The scene: The Astra family kitchen, just after dinner. Mother, Father, and Daughter are discussing science education and the way scientists think. An anecdote about thirteen-year-olds and Saturn leads to the following exchange betwixt Father and Daughter:
Me: So when Mars is in opposition from the Earth–
Dad: That’s when the Earth is outside of Mars.
Me: *blank stare*
Dad: Oh, wait, Mars is the fourth planet from the Sun.
Me: (with exaggerated patience) Yes, Daddy, it is.
Dad: Well it’s not like I go there often! I forget these things!
It’s funny, the things we start to take for granted. (Although I don’t think knowing that Mars is the fourth planet from the Sun is such an unreasonable thing to ask…unless, apparently, one is asking it of one’s exhausted father, whose mind is still stuck in his office, fighting with a clumsy programming language from the 1970s). But I tend to assume everybody knows what it means when Mars is in opposition, forgetting that just a few years ago, I didn’t know myself.
So, for those who are interested, here is a quick-and-dirty guide to planetary alignments.
Disclaimer: Anyone who uses this knowledge to attempt to give an air of validity to their astrological mutterings will be sacrificed to whichever god(dess) of knowledge, wisdom, and/or common sense happens to be crankiest at the time of said infraction.
Planetary alignments are almost always discussed from the vantage point of a particular planet (usually Earth, because duh) and with reference to the Sun. So it is incorrect to say “Earth and Mars are in opposition to each other.” In fact, it’s actually physically impossible for both to be in opposition with respect to the other, but we’ll get to that.
When discussing alignments, the planets are divided into two categories: superior and inferior. Superior planets are planets whose orbital paths lie outside that of the particular planet; inferior planets are those whose orbital paths lie inside that of the particular planet. Since the particular planet is almost always Earth, Mercury and Venus are usually the inferior planets and Mars, Jupiter, Saturn, Neptune, and Uranus are usually the superior planets.
If we’re feeling adventurous and want to talk about alignments as seen from, say, Jupiter, then Mercury, Venus, Earth, and Mars would be inferior planets and Saturn, Neptune, and Uranus would be superior planets.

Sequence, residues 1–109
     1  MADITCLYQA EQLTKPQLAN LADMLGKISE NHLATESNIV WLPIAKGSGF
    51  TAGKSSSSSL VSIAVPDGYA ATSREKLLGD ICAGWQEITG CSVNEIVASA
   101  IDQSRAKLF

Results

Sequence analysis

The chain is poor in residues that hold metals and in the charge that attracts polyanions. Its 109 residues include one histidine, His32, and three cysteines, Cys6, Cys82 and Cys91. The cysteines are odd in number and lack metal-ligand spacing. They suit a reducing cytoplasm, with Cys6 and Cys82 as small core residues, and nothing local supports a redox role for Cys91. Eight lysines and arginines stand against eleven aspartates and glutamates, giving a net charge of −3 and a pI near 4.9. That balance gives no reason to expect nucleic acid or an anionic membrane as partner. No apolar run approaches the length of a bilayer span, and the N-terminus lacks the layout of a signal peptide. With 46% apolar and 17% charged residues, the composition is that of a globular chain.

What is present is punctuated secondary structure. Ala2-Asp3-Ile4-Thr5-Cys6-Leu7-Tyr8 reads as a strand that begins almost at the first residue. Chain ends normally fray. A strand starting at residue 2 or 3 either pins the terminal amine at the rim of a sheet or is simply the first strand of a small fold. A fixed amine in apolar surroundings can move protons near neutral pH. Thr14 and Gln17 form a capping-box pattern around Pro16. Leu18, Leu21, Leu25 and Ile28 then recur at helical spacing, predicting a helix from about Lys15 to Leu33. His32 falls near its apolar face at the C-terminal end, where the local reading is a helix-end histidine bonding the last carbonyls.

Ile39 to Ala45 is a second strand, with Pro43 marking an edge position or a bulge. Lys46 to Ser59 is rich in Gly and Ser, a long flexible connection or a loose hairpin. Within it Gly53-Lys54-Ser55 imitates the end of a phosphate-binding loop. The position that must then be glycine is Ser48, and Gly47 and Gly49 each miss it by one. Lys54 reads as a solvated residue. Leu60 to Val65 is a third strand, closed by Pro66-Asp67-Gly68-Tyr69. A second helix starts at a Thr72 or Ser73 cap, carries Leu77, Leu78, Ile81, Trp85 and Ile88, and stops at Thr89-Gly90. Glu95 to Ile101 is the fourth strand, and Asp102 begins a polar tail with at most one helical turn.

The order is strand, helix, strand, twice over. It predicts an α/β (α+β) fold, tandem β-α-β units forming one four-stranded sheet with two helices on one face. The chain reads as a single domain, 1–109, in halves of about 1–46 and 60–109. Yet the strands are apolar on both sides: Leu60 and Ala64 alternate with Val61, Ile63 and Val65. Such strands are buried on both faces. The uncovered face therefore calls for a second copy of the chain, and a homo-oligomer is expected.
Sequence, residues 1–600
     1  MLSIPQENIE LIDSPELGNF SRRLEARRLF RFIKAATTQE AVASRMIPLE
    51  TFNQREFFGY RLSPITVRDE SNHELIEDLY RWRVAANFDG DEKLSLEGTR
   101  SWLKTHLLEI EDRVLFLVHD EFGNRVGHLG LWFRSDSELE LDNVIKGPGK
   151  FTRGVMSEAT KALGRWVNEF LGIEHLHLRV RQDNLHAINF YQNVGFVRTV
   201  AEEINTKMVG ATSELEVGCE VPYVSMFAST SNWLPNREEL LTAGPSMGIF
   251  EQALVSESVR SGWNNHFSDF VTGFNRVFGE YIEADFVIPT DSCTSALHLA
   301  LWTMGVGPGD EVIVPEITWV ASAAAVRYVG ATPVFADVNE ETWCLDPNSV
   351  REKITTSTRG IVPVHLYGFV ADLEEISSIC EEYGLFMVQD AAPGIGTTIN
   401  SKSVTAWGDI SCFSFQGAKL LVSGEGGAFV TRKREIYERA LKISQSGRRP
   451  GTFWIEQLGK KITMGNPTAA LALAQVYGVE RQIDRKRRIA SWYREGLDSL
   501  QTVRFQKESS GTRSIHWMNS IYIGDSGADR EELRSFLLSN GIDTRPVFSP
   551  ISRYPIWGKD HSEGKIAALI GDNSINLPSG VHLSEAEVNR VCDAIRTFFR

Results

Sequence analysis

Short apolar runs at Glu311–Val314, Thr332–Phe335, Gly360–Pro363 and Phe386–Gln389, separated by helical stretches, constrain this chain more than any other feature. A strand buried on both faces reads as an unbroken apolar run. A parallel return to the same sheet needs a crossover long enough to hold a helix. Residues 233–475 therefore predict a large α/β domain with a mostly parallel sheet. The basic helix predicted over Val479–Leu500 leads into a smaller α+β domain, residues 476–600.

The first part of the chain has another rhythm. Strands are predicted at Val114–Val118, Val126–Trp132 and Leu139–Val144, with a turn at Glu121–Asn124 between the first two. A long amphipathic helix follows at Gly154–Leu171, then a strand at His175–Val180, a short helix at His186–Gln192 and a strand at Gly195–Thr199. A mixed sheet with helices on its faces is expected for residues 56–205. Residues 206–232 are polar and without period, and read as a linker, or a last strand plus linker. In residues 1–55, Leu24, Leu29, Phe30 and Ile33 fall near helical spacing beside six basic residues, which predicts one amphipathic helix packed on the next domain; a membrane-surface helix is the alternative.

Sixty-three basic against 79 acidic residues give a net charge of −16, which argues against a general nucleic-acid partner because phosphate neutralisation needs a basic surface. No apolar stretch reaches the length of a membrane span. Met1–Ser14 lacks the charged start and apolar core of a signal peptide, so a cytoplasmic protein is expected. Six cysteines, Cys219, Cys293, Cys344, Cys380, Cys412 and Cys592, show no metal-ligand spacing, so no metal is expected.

Okay. So now that we’ve got our planets classified, it’s time to talk about the various kinds of alignments.
Opposition: A planet is in opposition when it is on the opposite side of the particular planet from the Sun. This means that only superior planets may be in opposition.
Conjunction: A planet is in conjunction when it is on the same side of the particular planet from the Sun. There are two kinds of conjunctions.
Inferior Conjunction: A planet is in inferior conjunction when it is between the particular planet and the Sun. This means that only inferior planets may be in inferior conjunction.
Superior Conjunction: A planet is in superior conjunction when it is on the opposite side of the Sun from the particular planet. Put another way, a planet is in superior conjunction when the Sun is between it and the particular planet. This one is a bit harder to remember than the other two; I tend to remember it by process of elimination (I can remember opposition and inferior conjunction, so superior conjunction must be the Other One). Just to make things more confusing, both inferior planets and superior planets can be in superior conjunction.
I’m not going to discuss Greatest Elongation or the Quadratures since you hear about them much less frequently and I’m too lazy to make more of my spectacular slap-dash explanatory diagrams. Greatest Elongation is kind of cool, so head over to Wikipedia to find out about it. I’ve never known an astronomer who actually cared about quadratures; they don’t have any practical astronomical applications that I’m aware of, so I’m just going to pretend they don’t exist. Because I can.
This is what happens when you leave a science educator unemployed. She starts composing diatribes, complete with explanatory doodles, for the purposes of Public Education Whether They Like It or Not. In this case, I suspect it’s something more along the lines of Beat My Few Regular Readers over the Head with Astronomy Even Though They’re Really Only Here for the Knitting and/or Writing.
Oh, and go read The War of the Worlds. Or listen to the radio broadcast, which I actually like better. Just, whatever you do, don’t watch any of the film adaptations! Having seen (part of) all four, I call them The One with the Glasses and Churches, The One Where the Martians Are Really Adorable, The One Where It’s Night and Day at the Same Time with Really Really Bad CGI, and The One Which Mysteriously Starts with a Gratuitous Sex Scene. I call all of them Bad, and really want to get my hands on a copy of the rock opera.